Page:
Trump spokeswoman Kellyanne Conway told CNN that "even those who are sympathetic to President Obama on most issues are saying that part of the reason he did this today was to 'box in' President-elect Trump."
In conjunction with the new sanctions against Russia, the U.S. Department of Homeland Security released a new report on December 29 detailing some of the Russian hacking, which included not only state electoral databases but other "critical infrastructure."
"To be very clear here, they have been interfering in the American democratic process and the conduct of American diplomacy, this should be of concern to all Americans and members of both parties," one administration official was quoted as saying.
Republican U.S. Senator John McCain has scheduled a January 5 hearing on foreign cyberthreats to the United States.
Witnesses called to testify include Director of National Intelligence James Clapper and Admiral Mike Rogers, head of the U.S. Cyber Command, according to a post on December 30 on the website of the Senate Armed Services Committee that McCain leads.
Because Obama imposed the new sanctions and expulsions by executive order, Trump could easily reverse them, but analysts say that could be a difficult step politically because prominent Republicans in Congress supported the measures -- with some saying they don't go far enough. Putin's refusal to retaliate in kind adds another factor to the decisions Trump will have to make, potentially increasing pressure he faces from the Kremlin to make concessions to Russia.
U.S.-Russian relations are at a post-Cold War low, hung up on differences over Russia's seizure of Crimea in 2014 and its continuing support for separatists in eastern Ukraine, a number of former Soviet republics' and satellites' embrace of the NATO security umbrella, divergent tacks in warring Syria, and the alleged election hacking, among other things.
Russia had vowed to retaliate in an "adequate" way to the U.S. measures, but had left its plans unknown overnight after the U.S. announcement.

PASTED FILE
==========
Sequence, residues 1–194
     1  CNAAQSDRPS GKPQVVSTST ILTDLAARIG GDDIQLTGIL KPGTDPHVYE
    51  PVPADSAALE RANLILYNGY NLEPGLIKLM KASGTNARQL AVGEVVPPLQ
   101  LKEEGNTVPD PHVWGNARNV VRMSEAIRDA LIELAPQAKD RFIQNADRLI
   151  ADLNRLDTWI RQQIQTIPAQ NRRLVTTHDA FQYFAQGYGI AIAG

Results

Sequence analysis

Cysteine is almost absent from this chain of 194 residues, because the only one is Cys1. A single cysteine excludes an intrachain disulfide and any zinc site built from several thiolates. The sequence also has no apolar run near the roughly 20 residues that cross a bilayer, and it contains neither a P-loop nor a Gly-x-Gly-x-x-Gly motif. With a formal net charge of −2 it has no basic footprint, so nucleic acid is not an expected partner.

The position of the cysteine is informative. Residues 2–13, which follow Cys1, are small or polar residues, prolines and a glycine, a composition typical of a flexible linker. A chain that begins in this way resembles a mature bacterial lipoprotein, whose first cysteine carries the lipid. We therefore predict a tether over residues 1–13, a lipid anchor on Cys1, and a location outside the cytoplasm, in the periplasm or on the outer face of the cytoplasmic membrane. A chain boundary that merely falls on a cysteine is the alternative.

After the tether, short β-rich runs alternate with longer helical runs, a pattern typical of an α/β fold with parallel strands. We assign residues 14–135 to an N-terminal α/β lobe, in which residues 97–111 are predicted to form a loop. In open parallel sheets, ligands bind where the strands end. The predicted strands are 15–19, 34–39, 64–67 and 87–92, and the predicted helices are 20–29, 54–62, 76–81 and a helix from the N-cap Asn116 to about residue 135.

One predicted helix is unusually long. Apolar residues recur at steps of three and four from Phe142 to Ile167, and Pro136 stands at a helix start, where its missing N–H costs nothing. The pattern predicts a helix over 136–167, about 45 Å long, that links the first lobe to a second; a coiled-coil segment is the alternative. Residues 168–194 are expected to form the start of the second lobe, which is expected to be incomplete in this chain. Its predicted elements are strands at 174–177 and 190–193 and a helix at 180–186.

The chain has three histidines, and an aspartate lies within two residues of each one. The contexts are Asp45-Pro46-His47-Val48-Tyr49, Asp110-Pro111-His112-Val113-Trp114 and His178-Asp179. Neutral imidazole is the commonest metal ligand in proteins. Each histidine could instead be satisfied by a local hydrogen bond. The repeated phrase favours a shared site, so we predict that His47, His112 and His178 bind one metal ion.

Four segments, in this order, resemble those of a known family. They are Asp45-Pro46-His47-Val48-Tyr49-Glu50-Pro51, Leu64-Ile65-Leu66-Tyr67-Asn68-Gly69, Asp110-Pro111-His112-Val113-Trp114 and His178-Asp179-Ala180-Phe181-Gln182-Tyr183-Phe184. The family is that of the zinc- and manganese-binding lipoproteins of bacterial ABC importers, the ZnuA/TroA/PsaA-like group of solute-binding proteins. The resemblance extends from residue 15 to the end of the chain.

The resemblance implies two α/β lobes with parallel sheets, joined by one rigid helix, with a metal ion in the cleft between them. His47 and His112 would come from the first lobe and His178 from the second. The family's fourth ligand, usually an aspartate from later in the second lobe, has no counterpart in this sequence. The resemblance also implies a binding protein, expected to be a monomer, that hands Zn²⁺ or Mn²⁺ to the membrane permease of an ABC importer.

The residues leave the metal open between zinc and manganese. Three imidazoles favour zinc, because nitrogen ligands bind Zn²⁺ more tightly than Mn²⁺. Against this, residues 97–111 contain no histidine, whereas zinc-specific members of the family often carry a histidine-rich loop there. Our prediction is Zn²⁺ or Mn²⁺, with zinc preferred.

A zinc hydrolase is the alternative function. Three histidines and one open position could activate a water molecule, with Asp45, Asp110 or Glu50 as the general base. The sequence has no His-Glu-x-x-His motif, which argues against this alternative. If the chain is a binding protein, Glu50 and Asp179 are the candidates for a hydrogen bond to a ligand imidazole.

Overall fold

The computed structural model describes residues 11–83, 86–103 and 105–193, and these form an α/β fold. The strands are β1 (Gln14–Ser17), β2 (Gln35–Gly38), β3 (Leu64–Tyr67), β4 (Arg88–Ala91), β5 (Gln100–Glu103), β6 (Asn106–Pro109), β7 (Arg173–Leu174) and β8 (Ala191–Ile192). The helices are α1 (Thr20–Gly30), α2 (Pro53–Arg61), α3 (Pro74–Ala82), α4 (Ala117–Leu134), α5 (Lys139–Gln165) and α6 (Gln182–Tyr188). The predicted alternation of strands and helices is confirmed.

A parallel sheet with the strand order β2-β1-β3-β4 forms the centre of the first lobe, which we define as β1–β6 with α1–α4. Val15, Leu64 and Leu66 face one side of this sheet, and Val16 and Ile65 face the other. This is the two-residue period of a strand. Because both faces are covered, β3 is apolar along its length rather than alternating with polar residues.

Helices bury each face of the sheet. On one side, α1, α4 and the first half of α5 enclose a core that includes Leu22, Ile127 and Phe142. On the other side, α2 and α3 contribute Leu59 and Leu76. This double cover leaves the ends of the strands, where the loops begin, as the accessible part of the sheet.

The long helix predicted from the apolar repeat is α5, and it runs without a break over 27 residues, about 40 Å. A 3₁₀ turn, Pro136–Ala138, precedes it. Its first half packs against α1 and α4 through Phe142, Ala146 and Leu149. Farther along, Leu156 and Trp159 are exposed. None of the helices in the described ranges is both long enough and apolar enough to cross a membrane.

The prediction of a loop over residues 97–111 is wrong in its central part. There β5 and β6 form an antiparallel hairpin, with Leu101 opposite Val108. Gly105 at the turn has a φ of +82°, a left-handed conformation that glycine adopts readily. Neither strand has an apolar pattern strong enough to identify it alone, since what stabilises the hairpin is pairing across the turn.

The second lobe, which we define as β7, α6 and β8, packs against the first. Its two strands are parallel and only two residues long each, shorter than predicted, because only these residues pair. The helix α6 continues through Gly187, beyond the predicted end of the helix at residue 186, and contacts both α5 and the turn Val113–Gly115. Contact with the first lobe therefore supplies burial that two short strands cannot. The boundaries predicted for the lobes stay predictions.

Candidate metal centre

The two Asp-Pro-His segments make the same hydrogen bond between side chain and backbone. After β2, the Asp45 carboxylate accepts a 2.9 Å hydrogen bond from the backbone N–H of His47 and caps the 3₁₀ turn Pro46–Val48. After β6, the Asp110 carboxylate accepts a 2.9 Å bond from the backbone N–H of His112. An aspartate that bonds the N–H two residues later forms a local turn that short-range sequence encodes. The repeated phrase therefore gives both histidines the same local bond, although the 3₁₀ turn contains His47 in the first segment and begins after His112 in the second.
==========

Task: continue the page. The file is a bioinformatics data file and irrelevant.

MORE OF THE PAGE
Shortly before Putin's announcement was posted on the Kremlin website, Russian Foreign Ministry spokeswoman Maria Zakharova denied a report by U.S. television network CNN stating that Russia would close the Anglo-American School of Moscow, which is attended by children of U.S. diplomats and expatriates from some 60 countries, as well as Russians.
"This is a lie," Zakharova wrote on Facebook. "Apparently, the White House has gone completely mad and has begun to make up sanctions against its own children."
Russian Prime Minister Dmitry Medvedev wrote on social media that "it is very sad the Obama administration, which began its term of office by efforts to restore cooperation" -- a reference to the so-called reset undertaken when Medvedev was president -- "is ending it with an anti-Russian agony." The post concluded "R.I.P.," an abbreviation for the funeral epitaph "rest in peace."
Peter Harrell, a former State Department official who helped craft U.S. sanctions in response to Russia’s seizure of Crimea from Ukraine, said the Obama administration should have taken such measures months ago, given the scope and duration of Russian hacking. But he argued the administration was compelled to act to deter future Russian activity.
"Better late than never," Harrell told RFE/RL. "Either we do something now, or the other outcome, with Trump coming in, is that we do nothing and for the U.S., [with] Russian influencing the elections as these guys did…that would be a terrible precedent.
"We would look weak and invite future action down the road, and for me this is something where we had to respond," he said on December 29.
Harrell also pointed out that the executive order issued by Obama in conjunction with the sanctions effectively detaches the new measures from the older measures imposed in connection with Russia's interference in Ukraine. That means that even if the conflict in Ukraine is ever resolved, the new hacking-related sanctions could still remain in place, he said.